Medical marijuana rally protests 10-year prison sentence for Monroe-area farmer

May 27, 2013

Bill Laitner, Detroit Free Press

Medical marijuana users have long decried Michigan’s state and local police and prosecutors as unfair but Tuesday’s target was the federal government.

Two dozen marijuana advocates — including lawyers and advocates from as far as Seattle and Phoenix — gathered outside the federal courthouse in downtown Detroit to protest the case of Gerald Duval Jr., 53, a Monroe-area farmer who was sentenced to 10 years in prison after being convicted last year of conspiring to manufacture marijuana .

The federal charges stemmed from a raid of Duval’s pot-filled greenhouses by federal officers.

“Jerry Duval and his 10-year sentence is emblematic of how the Obama administration has been undermining state medical marijuana laws,” said Brandy Zink, chair of the Michigan chapter of Americans for Safe Access.

At the moment that federal agents raided his farm, “I was 100% legal” under Michigan’s medical marijuana act, Duval told the crowd. Standing beside him was Duval’s mother Sharon Duval, holding a sign that said: “No one should go to jail for medical marijuana.”

Duval was convicted in federal court in April 2012 of conspiring to manufacture more than 100 marijuana plants, manufacturing plants with an intent to distribute them and maintaining a place of distribution. Duval’s lawyers argued that he owned two large locked greenhouses in which his son Jeremy and daughter Ashley Duval — both state-registered medical marijuana caregivers — raised marijuana plants for their father’s use and others’ while abiding by Michigan’s law for medical marijuana. Jeremy Duval was sentenced to five years in prison while Ashley Duval was not charged, family members said.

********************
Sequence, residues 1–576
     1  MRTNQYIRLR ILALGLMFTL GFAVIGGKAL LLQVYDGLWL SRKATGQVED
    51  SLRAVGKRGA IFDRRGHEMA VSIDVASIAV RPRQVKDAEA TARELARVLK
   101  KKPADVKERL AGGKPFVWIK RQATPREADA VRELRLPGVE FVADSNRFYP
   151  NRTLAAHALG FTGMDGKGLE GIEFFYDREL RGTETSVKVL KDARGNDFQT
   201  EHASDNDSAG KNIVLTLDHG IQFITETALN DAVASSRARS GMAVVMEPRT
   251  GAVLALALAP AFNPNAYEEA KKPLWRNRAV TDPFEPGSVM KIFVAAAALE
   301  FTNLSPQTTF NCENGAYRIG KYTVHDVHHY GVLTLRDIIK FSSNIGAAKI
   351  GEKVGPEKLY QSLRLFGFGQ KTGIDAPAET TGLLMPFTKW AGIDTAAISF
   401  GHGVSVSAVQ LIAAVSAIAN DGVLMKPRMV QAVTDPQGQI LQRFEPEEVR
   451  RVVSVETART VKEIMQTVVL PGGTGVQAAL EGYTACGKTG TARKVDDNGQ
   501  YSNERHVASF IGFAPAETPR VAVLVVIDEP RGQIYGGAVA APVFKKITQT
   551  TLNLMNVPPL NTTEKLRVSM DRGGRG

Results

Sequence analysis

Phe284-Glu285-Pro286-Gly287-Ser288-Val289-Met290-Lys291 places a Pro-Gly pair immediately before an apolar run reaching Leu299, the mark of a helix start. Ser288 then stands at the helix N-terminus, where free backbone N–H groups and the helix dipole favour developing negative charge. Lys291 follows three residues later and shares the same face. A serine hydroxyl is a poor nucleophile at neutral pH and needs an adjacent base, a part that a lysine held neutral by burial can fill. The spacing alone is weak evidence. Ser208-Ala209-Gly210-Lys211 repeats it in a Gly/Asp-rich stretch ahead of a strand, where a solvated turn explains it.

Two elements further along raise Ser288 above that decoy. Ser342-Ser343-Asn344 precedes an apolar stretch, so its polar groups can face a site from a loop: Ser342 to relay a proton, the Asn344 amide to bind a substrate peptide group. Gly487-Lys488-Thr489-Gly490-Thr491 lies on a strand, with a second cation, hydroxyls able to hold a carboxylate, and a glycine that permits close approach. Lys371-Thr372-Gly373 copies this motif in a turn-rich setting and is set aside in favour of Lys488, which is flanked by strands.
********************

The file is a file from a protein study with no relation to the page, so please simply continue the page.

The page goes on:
Federal prosecutors persuaded a jury that the Duvals used medical marijuana as a front while tallying big profits by peddling marijuana to non-patients.

Federal officials in Michigan have said that U.S. prosecutors could ignore the Michigan act that allows use of medicinal marijuana because “state laws are not relevant to federal narcotics laws,” said Gina Balaya, spokeswoman for the U.S. Attorney’s Office in Detroit, after Tuesday’s rally.



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